Analysis: China bid to boost growth a surprise in timing only
By Kevin Yao
BEIJING (Reuters) - Any surprise at the timing of China's move this weekend to spur bank lending may be misplaced. Instead, investors should recognize that China is determined to engineer a soft landing for the world's second-biggest economy.
Premier Wen Jiabao had flagged that Beijing should "act quickly" following January economic data that analysts said pointed to additional economic weakness beyond what could be explained by Lunar New Year distortions.
Still, many investors had not expected a cut in bank reserve ratios until March, so the timing of the decision late on Saturday announcing the second 50-basis point cut in bank reserves in three months took them by surprise. The timing may have been geared more to showing that Beijing -- not financial markets -- determine policy.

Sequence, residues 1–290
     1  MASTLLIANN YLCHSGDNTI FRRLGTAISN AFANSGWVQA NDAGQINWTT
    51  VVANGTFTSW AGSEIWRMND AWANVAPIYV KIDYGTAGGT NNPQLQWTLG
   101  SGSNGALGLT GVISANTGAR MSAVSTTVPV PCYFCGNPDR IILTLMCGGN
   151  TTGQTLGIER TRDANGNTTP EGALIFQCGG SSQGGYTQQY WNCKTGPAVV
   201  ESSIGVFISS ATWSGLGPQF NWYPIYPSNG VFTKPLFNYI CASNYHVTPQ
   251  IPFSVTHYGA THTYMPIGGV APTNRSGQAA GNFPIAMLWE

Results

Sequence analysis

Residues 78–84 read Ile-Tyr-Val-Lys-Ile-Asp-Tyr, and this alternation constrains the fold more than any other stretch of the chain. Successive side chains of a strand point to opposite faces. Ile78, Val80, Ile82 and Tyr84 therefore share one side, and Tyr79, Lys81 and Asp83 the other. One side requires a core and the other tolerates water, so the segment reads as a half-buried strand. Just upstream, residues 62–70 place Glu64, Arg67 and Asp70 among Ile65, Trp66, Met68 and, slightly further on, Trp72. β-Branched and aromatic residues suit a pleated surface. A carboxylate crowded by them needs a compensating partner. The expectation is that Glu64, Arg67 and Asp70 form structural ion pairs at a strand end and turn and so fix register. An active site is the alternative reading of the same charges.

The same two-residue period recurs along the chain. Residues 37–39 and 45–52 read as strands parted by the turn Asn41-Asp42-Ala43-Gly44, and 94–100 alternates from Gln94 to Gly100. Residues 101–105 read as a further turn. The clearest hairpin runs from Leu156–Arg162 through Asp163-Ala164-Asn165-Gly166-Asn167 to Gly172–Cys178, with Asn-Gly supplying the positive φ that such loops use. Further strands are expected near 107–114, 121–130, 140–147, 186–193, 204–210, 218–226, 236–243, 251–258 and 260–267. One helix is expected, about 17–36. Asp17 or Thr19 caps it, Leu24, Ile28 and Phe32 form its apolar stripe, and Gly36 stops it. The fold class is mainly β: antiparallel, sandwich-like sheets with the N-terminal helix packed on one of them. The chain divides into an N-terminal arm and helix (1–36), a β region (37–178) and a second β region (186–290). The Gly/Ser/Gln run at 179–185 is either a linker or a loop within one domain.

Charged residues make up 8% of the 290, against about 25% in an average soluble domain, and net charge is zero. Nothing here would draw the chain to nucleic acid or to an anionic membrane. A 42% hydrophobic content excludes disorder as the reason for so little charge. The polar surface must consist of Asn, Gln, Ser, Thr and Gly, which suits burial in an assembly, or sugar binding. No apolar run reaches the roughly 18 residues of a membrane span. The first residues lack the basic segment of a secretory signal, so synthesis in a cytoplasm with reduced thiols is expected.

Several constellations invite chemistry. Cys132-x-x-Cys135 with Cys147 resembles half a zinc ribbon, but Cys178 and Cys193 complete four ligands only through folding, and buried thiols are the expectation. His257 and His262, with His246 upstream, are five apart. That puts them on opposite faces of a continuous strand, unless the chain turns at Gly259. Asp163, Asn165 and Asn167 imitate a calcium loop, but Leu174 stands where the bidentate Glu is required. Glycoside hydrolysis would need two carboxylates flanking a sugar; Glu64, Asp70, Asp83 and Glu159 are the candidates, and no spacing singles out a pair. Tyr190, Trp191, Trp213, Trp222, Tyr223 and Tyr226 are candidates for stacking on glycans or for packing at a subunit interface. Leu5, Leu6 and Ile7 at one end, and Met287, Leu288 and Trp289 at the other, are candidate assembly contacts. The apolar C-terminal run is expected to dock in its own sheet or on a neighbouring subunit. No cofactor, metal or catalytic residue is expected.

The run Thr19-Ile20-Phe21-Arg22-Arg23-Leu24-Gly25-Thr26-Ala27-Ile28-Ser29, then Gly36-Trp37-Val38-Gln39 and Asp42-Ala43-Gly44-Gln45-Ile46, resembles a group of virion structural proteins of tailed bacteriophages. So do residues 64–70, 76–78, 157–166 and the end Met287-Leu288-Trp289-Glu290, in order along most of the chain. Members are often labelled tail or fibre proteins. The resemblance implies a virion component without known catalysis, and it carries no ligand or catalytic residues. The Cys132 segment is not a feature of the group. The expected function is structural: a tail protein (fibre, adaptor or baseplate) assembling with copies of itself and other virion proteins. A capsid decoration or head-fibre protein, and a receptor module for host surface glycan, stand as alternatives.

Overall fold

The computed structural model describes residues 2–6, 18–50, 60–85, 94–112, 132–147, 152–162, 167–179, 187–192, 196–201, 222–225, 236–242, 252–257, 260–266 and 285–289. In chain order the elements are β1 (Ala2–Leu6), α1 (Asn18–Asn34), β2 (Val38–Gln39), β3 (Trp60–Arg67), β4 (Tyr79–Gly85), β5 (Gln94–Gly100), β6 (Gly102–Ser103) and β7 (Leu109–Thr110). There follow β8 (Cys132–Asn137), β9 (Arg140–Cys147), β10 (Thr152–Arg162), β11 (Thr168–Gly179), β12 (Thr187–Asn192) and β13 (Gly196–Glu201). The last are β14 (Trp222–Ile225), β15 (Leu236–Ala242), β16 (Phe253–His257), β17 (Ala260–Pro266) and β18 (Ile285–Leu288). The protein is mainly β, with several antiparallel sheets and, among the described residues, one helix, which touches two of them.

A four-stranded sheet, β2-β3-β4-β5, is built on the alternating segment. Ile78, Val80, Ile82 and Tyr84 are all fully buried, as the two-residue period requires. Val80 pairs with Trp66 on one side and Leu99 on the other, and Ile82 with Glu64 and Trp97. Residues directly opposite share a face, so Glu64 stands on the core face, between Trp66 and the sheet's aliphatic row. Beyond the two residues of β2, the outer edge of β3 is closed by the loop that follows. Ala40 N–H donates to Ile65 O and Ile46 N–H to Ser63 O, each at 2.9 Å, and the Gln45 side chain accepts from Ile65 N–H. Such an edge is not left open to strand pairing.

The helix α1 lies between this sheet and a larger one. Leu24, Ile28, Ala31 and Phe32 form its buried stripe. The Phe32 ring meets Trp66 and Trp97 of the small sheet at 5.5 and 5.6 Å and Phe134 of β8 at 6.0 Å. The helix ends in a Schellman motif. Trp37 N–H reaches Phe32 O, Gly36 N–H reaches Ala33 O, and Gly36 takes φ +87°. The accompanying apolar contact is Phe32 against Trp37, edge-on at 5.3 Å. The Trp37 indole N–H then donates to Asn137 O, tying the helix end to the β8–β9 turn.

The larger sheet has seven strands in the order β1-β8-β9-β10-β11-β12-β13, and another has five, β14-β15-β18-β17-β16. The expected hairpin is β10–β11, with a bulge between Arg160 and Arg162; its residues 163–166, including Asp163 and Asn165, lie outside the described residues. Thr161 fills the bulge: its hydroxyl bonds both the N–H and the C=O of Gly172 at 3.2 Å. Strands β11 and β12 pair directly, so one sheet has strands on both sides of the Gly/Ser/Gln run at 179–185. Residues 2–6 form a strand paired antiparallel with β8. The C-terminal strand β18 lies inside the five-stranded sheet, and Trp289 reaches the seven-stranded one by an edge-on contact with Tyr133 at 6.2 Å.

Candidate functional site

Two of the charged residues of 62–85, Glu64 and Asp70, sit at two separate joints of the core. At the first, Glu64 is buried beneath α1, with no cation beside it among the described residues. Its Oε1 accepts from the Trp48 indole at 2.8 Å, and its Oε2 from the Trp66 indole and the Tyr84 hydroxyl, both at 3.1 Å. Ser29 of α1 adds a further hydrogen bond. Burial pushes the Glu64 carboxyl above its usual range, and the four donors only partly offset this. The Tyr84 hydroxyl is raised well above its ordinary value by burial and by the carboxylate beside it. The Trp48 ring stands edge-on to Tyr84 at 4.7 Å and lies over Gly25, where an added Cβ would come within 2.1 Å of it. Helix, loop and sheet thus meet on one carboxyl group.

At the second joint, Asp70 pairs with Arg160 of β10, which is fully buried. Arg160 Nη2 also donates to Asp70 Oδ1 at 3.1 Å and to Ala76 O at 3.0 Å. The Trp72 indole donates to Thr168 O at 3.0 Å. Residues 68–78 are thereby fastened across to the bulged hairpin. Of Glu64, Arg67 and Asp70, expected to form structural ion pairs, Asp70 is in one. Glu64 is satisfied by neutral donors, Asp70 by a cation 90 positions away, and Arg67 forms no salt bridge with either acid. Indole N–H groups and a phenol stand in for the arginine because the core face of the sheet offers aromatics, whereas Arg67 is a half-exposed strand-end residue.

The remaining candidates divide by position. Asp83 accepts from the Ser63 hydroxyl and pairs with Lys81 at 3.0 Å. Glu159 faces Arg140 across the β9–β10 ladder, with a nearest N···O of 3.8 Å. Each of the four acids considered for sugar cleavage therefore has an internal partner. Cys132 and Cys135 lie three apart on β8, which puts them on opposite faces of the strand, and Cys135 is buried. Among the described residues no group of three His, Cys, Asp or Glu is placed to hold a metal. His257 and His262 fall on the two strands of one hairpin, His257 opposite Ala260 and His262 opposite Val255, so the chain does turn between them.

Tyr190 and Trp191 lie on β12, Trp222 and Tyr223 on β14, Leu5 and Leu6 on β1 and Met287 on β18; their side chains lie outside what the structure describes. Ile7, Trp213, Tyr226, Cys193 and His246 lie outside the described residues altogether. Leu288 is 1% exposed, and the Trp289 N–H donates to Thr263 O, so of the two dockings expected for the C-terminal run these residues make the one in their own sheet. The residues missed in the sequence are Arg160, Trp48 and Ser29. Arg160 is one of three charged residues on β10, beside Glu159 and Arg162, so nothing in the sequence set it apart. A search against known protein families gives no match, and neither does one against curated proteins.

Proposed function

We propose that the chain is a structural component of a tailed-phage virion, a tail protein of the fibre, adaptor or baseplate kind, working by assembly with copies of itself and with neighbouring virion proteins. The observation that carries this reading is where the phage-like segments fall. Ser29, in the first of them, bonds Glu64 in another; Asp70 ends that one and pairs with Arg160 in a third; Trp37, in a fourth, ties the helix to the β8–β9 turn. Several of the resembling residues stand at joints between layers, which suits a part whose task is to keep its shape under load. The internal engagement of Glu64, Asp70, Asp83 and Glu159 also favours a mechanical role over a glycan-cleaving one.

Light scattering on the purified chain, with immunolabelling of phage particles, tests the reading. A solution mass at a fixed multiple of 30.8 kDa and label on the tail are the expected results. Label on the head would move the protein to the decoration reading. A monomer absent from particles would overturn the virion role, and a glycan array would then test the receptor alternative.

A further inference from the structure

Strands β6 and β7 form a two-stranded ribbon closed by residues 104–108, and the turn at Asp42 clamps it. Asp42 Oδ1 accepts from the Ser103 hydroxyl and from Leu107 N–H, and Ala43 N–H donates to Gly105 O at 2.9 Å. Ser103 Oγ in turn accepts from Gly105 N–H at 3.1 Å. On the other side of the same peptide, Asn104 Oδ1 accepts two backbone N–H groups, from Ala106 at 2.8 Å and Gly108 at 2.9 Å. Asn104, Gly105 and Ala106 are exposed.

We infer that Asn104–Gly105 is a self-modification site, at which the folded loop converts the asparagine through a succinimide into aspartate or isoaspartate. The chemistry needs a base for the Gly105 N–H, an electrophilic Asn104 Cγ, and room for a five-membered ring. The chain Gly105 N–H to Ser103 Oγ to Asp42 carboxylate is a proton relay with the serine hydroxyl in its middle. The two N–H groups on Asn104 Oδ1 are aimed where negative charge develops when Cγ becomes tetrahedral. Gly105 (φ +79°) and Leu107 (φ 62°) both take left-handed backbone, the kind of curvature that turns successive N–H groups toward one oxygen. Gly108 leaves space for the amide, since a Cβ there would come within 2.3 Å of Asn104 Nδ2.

"The immediate market reaction is surprise on the timing, but people were looking for an RRR cut -- it was just a question of when," said Tim Condon, head of research at ING in Singapore.
"They don't want the market to push them around."
The cut in the RRR -- the reserve requirement ratio -- was China's latest move to support an economy that is widely seen slowing down this quarter for its fifth consecutive quarter. Economists expect full-year 2012 growth to slip below 9 percent for the first time in a decade.
Many economists had thought a cut would come just ahead of January's Chinese Lunar New Year holidays.
When it failed to materialize, they shifted their expectations to March, thinking policymakers would rather make a decision once they had the combined data releases of January and February to smooth out Lunar New Year distortions. Continued...